Friday, May 13th marked the inaugural celebration of National Digital Inclusion Day – a day to highlight and discuss the impact that digital access and skills can have on society, families and individuals. The NDIA, along with partners and affiliates from around the country, hosted an online Twitter Town Hall to address these important issues and reaching over 200,000 people online. The discussion came a day after  the Center for Public Integrity published an article referring to the digital divide as the “civil rights issue of our time,” making the conversation more timely than ever.

The day was kicked off with a message from FCC Commissioner Jessica Rosenworcel about the the homework gap – a product of the digital divide.

The discussion moved forward with a series of thoughtful questions and responses, tackling a range of issues including the cost of being offline, improving technology access for people with disabilities, and even what the next president should do about the digital divide.

While hosting a discussion online may seem contrary to the idea of closing the digital divide, it facilitated two very important goals: (1) it connected thought leaders and decision makers with the everyday public and (2) it actually got people online. Relevancy and experience are some of the biggest challenges facing under-connected communities. Which is why many NDIA partners hosted trainings to prepare their clients, students and staff for the online discussion.

We had a full classroom of staff and students at Byte Back on Twitter today. It was almost everyone’s first Twitter town hall and they all loved it! Thanks to NDIA and … NTEN for moderating, and everyone who added to the rich conversation. It was a great first Digital Inclusion Day – already looking forward to it next year!” – Yvette Scorse, Communications Manager at Byte Back (Washington, DC)

Many of these folks, like the Seniors at the Ashbury Senior Computer Community Center in Cleveland, were new to the internet but had the support to try something new! Take a look at some of these pictures of classrooms filled with people who are new to Twitter and Twitter Town Halls:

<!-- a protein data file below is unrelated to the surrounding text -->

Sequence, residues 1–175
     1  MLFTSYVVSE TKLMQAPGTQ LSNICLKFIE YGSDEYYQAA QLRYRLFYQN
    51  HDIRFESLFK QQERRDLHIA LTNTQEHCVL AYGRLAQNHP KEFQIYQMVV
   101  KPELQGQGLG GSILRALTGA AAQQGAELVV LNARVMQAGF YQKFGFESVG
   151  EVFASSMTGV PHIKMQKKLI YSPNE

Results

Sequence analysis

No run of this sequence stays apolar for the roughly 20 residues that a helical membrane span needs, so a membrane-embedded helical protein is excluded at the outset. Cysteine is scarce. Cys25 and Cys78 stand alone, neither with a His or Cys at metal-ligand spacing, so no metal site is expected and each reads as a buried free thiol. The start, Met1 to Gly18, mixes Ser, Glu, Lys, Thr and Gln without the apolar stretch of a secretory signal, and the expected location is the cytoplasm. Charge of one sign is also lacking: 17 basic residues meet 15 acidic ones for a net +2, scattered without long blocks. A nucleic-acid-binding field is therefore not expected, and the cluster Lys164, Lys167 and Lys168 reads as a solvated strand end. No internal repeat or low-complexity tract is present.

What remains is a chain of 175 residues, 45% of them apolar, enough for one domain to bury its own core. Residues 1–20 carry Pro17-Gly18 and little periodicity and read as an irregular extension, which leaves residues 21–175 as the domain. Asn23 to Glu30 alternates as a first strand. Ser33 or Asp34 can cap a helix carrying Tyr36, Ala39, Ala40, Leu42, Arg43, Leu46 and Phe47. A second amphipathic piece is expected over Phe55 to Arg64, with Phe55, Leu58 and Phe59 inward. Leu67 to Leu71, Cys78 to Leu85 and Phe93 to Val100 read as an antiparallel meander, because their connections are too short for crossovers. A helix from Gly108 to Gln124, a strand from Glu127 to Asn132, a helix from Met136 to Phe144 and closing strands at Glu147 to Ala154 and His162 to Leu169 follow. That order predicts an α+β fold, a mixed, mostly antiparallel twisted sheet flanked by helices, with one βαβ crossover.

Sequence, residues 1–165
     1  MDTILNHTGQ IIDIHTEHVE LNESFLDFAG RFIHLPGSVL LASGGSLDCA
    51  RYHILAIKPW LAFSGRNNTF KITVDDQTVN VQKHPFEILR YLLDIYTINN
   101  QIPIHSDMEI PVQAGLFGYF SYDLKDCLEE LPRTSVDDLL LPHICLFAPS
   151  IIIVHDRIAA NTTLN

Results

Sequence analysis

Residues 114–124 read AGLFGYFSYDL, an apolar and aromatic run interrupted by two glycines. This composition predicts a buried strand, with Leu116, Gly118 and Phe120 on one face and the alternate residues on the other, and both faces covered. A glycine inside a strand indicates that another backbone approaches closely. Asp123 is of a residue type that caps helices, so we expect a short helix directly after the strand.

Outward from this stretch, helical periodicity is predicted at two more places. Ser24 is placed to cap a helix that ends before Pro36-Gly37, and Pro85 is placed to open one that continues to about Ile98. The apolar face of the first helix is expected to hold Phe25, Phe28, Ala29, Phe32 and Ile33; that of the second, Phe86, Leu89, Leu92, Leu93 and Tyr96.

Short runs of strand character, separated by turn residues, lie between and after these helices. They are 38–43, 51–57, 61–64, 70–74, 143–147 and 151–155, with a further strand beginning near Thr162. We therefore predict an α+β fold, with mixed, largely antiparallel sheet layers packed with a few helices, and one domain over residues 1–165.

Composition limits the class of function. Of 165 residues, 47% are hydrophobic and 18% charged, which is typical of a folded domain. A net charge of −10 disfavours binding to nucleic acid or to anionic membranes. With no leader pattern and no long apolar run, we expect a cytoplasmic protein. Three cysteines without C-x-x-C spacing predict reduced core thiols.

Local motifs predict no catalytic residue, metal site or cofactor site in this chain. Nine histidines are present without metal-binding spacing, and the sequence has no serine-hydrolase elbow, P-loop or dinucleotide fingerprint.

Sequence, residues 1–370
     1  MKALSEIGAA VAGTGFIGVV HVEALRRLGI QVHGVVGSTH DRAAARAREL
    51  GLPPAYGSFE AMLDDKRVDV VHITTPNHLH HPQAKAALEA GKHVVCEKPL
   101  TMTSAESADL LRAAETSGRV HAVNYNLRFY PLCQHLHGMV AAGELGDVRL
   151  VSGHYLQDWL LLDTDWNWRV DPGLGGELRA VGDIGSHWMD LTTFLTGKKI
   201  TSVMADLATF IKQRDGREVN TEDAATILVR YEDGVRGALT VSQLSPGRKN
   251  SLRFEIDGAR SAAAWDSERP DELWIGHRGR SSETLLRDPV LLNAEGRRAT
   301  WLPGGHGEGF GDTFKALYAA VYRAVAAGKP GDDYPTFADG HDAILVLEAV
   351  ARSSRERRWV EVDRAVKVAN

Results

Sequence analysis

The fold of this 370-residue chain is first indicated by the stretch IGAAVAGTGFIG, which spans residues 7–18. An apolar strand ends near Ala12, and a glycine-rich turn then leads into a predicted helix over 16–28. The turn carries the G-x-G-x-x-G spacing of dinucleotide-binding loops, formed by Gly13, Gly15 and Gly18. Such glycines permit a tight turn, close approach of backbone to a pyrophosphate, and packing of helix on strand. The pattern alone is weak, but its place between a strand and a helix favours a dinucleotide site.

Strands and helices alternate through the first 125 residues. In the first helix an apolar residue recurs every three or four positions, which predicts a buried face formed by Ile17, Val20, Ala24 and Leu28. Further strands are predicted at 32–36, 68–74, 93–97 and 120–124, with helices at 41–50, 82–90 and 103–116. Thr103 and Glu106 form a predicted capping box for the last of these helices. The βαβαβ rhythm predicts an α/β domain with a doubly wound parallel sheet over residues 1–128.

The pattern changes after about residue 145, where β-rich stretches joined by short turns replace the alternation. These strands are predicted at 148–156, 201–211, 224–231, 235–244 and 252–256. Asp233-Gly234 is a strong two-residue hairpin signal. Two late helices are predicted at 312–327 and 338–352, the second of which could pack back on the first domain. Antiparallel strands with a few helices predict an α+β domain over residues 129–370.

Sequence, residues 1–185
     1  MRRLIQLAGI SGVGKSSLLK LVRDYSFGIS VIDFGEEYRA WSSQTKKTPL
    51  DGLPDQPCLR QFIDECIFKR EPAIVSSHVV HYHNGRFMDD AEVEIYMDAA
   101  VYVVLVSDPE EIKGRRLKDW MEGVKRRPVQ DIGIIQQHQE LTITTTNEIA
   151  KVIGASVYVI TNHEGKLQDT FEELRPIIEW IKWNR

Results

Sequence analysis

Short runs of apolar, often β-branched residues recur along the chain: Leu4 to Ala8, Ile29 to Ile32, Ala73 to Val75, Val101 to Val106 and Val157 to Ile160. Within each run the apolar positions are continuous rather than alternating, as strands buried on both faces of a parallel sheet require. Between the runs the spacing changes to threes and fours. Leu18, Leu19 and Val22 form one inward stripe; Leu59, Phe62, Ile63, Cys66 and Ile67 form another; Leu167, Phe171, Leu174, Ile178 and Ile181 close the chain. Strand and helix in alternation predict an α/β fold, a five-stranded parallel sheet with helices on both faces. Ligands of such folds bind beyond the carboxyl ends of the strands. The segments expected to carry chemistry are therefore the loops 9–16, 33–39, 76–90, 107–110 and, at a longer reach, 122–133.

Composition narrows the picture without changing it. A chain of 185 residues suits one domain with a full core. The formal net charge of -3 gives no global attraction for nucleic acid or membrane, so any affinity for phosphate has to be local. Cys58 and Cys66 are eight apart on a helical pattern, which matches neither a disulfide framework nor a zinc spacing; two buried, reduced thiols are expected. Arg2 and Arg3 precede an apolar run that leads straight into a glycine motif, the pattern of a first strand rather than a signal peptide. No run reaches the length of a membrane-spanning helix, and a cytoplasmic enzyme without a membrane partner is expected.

And the discussion was just the tip of the iceberg. In some places, like Atlanta, organizations marked the day by hosting trainings for digital inclusion professionals. Even public officials got involved, like Mayor Sly James of Kansas City who shared training opportunities and chimed in on the discussion:

Here In Austin, Mayor Pro Tem Kathie Tovo presented a proclamation declaring the city’s first official Digital Inclusion Day and then kicked off a city-wide digital resource fair for families looking to get connected. Even some of Austin’s youngest residents got involved:

While the day was a success in spurring discussion, the real work is far from over. A third of households in the US do not have broadband internet services, while organizations working to bridge that divide face constant challenges to providing training and resources.

Looking to future years, I’m hopeful that Digital Inclusion Day can become a call to action. A way for every person, regardless of age, income or ability, to play a part in bridging the digital divide – improving on a formula similar to our neighbors across the pond. And I hope you’ll join  NDIA in this endeavor!

In case you missed it, here is a quick recap of the questions and some responses from our awesome moderators at the Nonprofit Technology Network (NTEN):

1. Biggest barriers to internet access?

2. Getting internet with limited resources?

3. What about rural communities?

4. Digital Inclusion vs Digital Literacy?

5. The role of libraries in digital inclusion?

6. E-waste and device access?

7. The role of Tech companies in digital inclusion?

8. Successful digital inclusion programs?

9. Improving access for people with disabilities (PWD)?

10. Advice for the next President?

Daniel Lucio is a Digital Inclusion Fellow with Austin Free-Net in Austin, Texas. The Digital Inclusion Fellowship is a national program launched by NTEN and Google Fiber that invests in local communities and nonprofit organizations addressing the digital divide. 

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